<title>Discrete Stochastic Simulations</title>
<h1>Discrete Stochastic Simulations</h1>
We consider discrete stochastic simulations that are modelled with a set
of species and a set of reactions that transform the species' amounts.
Instead of using a
continuum approximation and dealing with species mass or concentration,
the amount of each species is a non-negative integer which is the population.
Depending on the species, this could be the number of molecules or the
number of organisms, etc. Reactions transform a set reactants into a set of
products, each being a linear combination of species with integer coefficients.
Consider a system of <em>N</em> species represented by the state vector
<em>X(t) = (X<sub>1</sub>(t), ... X<sub>N</sub>(t))</em>.
<em>X<sub>n</sub>(t)</em> is the population of the
<em>n<sup>th</sup></em> species at time <em>t</em>.
There are <em>M</em> reaction channels
which change the state of the system. Each reaction is characterized by
a propensity function <em>a<sub>m</sub></em> and a state change vector
<em>V<sub>m</sub> = (V<sub>m1</sub>, ..., V<sub>mN</sub>)</em>.
<em>a<sub>m</sub> dt</em> is the
probability that the <em>m<sup>th</sup></em> reaction will occur in the
infinitesimal time interval <em>[t .. t + dt)</em>. The state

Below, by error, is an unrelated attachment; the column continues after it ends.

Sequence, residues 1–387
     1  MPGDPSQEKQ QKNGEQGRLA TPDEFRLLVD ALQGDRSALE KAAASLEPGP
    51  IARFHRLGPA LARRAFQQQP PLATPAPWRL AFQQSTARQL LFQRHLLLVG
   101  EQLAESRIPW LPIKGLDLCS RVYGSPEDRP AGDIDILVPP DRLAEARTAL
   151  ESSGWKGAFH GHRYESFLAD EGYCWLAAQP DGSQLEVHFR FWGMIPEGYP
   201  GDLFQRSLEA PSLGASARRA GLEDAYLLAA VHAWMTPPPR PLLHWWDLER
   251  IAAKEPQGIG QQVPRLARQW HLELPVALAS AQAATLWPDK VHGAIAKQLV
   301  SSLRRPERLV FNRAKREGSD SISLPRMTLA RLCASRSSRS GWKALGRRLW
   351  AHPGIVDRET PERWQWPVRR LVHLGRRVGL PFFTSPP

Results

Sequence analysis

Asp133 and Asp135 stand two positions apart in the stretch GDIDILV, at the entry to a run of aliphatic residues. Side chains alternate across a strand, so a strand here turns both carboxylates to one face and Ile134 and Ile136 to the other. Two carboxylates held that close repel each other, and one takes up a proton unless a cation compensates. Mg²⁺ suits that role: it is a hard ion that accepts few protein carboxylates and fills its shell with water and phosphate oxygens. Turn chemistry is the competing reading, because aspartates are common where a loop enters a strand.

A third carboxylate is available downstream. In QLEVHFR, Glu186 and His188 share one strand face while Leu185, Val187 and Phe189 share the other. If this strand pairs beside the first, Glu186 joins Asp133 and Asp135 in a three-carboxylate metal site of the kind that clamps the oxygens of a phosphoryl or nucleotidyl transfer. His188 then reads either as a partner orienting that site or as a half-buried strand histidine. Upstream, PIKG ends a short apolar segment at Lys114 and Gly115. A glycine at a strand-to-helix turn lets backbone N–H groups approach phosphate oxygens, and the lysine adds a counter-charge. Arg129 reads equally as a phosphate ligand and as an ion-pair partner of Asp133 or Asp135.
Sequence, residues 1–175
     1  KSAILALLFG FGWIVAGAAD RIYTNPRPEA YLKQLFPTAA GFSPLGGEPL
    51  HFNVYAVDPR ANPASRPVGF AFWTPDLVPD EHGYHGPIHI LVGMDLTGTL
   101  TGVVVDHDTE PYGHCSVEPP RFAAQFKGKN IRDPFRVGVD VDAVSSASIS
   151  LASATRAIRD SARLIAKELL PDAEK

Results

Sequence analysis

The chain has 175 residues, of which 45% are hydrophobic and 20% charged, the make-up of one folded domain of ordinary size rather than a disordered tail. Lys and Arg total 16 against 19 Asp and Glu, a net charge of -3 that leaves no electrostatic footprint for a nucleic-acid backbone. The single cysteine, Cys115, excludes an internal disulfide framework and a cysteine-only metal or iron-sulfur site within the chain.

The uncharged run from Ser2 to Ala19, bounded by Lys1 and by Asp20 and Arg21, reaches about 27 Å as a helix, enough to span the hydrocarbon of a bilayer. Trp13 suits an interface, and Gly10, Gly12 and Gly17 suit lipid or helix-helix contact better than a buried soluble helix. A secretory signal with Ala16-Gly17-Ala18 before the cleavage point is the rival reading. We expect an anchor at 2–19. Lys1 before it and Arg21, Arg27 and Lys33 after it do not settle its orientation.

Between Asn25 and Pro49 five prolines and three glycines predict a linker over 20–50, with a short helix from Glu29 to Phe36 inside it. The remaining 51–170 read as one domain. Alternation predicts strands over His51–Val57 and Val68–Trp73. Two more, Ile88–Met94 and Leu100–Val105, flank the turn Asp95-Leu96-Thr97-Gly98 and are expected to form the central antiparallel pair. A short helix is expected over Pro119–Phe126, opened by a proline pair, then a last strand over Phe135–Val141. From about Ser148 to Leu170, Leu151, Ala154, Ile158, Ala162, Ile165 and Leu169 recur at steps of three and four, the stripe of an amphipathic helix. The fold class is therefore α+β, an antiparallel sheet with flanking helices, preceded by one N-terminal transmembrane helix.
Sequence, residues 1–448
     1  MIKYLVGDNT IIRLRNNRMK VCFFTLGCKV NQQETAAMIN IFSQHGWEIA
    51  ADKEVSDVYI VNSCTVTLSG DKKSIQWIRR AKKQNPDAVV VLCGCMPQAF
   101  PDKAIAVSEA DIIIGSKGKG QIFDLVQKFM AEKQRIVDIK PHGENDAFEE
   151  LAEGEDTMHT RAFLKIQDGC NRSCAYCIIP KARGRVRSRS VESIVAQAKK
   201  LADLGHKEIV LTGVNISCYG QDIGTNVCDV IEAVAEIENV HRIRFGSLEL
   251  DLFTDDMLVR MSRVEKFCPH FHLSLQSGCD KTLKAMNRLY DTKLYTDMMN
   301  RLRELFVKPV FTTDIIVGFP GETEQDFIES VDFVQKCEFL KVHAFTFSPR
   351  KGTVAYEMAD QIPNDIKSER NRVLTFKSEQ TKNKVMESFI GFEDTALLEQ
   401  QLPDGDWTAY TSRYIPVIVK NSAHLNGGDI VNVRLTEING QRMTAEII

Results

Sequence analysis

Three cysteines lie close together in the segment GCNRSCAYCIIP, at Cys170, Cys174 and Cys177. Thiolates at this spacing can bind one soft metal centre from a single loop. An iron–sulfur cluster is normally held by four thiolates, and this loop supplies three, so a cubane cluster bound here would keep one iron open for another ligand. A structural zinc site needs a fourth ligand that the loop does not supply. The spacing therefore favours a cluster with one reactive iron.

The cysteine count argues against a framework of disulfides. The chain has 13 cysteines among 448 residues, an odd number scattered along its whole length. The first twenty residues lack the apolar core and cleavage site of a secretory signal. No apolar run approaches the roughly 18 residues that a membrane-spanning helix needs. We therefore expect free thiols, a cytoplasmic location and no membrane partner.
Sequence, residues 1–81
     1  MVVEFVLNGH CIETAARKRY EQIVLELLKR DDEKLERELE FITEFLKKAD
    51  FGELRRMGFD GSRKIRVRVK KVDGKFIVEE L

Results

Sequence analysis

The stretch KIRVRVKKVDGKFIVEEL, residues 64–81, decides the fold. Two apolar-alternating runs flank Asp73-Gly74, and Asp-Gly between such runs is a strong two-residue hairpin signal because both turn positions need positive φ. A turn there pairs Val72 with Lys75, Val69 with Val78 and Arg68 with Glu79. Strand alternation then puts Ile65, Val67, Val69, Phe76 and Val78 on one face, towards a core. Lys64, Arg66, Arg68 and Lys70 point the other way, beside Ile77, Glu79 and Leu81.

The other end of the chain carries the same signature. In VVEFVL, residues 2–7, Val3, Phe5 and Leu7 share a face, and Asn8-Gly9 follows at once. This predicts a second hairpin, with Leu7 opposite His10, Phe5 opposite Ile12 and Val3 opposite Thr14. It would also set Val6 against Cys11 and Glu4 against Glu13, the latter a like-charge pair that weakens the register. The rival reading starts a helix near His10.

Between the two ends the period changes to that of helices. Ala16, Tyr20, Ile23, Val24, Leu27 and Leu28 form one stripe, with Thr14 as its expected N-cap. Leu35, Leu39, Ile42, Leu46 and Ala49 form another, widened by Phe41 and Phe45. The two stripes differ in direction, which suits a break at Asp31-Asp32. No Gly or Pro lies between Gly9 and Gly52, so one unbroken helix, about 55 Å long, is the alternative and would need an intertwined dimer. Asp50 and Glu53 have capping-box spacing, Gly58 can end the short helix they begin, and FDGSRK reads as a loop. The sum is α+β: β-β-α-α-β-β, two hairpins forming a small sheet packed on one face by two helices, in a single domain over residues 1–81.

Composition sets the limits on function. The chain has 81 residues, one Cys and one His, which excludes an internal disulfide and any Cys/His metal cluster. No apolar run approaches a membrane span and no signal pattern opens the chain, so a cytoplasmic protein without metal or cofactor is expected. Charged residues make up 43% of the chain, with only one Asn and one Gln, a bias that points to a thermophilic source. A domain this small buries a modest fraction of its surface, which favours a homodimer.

change vector is the difference between the state after the reaction and
before the reaction.
To generate a trajectory (a possible realization of the evolution of the
system) one starts with an initial state and then repeatedly fires reactions.
To fire a reaction, one must answer the two questions:
<li> When will the next reaction fire?
<li> Which reaction will fire next?
Let the next reaction have index μ and fire at time <em>t + τ</em>.
Let α be the sum of the propensities. The time to the
next reaction is an exponentially distributed random variable with mean
1 / α ; the probability density function is
<em>P(τ = x) = α e<sup>- α x</sup></em>.
The index of the next reaction to fire is a discrete random variable
with probability mass function <em>P(μ = m) = a<sub>m</sub> / α</em>.